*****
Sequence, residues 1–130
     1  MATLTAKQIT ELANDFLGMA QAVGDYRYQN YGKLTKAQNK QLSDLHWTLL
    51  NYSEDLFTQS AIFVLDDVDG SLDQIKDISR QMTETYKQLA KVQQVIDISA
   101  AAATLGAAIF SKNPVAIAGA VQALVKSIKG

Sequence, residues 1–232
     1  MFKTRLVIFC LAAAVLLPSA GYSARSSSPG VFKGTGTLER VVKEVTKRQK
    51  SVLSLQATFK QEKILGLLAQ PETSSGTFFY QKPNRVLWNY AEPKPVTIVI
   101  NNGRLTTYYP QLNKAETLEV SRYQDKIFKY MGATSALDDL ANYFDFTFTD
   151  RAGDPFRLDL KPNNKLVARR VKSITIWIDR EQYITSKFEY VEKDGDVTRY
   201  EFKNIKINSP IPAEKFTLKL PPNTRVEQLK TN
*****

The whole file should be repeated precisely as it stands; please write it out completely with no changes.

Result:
Sequence, residues 1–130
     1  MATLTAKQIT ELANDFLGMA QAVGDYRYQN YGKLTKAQNK QLSDLHWTLL
    51  NYSEDLFTQS AIFVLDDVDG SLDQIKDISR QMTETYKQLA KVQQVIDISA
   101  AAATLGAAIF SKNPVAIAGA VQALVKSIKG

Sequence, residues 1–232
     1  MFKTRLVIFC LAAAVLLPSA GYSARSSSPG VFKGTGTLER VVKEVTKRQK
    51  SVLSLQATFK QEKILGLLAQ PETSSGTFFY QKPNRVLWNY AEPKPVTIVI
   101  NNGRLTTYYP QLNKAETLEV SRYQDKIFKY MGATSALDDL ANYFDFTFTD
   151  RAGDPFRLDL KPNNKLVARR VKSITIWIDR EQYITSKFEY VEKDGDVTRY
   201  EFKNIKINSP IPAEKFTLKL PPNTRVEQLK TN